Sources and sinks of dissolved phytochelatin in natural seawater
Limnol. Oceanogr., 50(1), 2005, 13-22 | DOI: 10.4319/lo.2005.50.1.0013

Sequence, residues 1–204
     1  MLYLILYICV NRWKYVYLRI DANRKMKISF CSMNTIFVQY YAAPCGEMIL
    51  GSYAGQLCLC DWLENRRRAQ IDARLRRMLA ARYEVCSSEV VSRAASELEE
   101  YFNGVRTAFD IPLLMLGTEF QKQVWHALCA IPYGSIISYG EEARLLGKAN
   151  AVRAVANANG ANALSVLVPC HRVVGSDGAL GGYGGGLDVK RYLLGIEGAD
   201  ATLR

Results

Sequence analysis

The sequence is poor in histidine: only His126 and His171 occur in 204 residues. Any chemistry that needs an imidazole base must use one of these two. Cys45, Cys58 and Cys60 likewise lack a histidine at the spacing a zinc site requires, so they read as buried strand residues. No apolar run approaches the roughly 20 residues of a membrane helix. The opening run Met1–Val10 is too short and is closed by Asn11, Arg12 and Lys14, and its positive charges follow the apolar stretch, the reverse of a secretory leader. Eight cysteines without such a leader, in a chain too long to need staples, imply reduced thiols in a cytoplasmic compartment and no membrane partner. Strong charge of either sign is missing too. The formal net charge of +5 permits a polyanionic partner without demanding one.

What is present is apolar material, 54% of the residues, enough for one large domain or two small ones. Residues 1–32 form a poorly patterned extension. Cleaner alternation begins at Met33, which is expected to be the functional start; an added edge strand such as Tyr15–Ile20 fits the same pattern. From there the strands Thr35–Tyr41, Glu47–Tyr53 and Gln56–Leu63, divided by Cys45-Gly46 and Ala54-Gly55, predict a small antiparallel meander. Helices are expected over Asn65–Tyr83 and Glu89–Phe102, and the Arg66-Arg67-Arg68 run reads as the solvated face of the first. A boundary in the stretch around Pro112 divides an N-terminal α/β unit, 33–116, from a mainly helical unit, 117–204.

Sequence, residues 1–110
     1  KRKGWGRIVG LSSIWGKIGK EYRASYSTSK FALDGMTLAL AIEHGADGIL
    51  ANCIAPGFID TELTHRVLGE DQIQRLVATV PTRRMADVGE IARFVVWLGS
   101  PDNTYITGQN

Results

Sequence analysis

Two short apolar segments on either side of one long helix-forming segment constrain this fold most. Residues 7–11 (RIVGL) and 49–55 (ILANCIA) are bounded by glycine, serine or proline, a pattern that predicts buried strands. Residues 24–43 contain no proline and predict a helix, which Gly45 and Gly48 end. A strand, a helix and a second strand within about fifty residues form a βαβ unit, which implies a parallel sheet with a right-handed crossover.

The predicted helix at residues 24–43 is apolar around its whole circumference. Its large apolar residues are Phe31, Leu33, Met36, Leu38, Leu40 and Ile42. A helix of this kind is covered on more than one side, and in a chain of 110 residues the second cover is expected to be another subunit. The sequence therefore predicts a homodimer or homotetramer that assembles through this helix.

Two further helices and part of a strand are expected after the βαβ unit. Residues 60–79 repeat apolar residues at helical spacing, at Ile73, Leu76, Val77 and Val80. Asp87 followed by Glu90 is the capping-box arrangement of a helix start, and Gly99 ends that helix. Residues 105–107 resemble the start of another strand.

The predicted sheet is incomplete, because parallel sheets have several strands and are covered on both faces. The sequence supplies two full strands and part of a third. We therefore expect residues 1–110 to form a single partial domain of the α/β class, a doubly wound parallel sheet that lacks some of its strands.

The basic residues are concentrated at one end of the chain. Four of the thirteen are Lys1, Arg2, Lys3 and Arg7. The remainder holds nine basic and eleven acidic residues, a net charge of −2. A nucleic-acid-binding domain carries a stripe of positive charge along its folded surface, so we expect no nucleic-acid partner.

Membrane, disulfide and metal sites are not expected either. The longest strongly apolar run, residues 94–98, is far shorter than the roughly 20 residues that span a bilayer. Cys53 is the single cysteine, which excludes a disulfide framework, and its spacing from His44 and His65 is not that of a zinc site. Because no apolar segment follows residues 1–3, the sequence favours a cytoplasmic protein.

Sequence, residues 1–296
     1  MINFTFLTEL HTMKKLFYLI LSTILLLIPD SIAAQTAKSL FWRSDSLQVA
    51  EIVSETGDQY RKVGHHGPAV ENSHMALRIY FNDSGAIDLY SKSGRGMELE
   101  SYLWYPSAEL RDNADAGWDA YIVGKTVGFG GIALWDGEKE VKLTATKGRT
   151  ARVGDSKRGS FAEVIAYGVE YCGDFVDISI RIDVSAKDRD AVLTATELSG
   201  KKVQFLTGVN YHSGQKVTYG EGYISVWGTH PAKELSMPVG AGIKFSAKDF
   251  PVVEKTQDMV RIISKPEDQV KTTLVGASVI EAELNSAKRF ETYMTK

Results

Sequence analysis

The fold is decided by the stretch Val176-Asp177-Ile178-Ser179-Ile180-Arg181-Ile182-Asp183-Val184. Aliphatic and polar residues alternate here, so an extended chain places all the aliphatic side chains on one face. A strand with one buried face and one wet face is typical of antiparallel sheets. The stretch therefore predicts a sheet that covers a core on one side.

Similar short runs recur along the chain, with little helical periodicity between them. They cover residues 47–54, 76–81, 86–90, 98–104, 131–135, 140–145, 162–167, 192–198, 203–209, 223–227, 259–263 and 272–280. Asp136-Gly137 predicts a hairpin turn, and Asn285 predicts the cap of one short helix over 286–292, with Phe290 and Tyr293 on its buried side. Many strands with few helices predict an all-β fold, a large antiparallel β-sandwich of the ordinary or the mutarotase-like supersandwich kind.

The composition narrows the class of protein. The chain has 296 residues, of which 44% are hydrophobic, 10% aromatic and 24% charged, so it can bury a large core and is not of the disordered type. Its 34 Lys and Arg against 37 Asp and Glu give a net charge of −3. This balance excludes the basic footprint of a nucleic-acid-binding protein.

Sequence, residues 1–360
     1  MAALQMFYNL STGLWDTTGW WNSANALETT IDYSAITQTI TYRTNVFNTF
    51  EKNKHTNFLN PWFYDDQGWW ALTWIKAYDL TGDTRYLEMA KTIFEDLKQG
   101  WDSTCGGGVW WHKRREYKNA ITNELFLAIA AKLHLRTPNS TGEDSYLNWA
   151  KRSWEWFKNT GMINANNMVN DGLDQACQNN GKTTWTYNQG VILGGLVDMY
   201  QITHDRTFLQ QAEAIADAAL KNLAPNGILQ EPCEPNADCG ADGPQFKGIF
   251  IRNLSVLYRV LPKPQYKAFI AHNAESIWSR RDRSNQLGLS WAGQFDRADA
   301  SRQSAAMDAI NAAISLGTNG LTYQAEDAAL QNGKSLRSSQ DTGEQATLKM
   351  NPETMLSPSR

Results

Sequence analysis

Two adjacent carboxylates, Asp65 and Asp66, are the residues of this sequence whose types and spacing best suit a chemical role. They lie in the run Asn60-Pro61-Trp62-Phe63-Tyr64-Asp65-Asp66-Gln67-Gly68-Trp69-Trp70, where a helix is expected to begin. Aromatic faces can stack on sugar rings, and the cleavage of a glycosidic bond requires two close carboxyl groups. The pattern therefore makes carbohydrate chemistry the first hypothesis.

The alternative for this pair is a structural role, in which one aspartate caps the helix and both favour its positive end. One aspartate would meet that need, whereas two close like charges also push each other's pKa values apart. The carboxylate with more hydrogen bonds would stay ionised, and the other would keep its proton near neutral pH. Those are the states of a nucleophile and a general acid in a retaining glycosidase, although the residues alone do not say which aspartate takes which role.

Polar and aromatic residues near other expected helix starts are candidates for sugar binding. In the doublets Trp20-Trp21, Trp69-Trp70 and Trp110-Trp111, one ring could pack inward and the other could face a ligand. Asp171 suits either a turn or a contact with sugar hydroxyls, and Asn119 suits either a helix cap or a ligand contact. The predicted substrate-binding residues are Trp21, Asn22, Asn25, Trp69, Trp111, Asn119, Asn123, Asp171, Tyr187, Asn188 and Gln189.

ABSTRACT: We modeled dissolved phytochelatin concentrations by studying its exudation from phytoplankton and its removal from seawater. Exudation rates were obtained from experiments in which a marine diatom, Thalassiosira pseudonana, was grown in Cd-containing medium. Dissolved phytochelatin in the culture medium was measured as a function of time, and a first-order model was fit to the data to derive exudation rate constants. A synthetic phytochelatin standard was used to study phytochelatin removal from natural seawater. The addition of Cd or Cu, as well as decreasing temperature, significantly decreased phytochelatin removal rates. An acclimation period followed by rapid removal was observed; subsequent incubations showed no acclimation. Using rate constants derived from these experiments and some assumptions regarding the particulate phytochelatin pool, we used a model to calculate the steady state concentration of dissolved phytochelatin in the field and obtained values that are close to field measurements of dissolved phytochelatin in the Elizabeth River estuary, Norfolk, Virginia, where metal concentrations are high.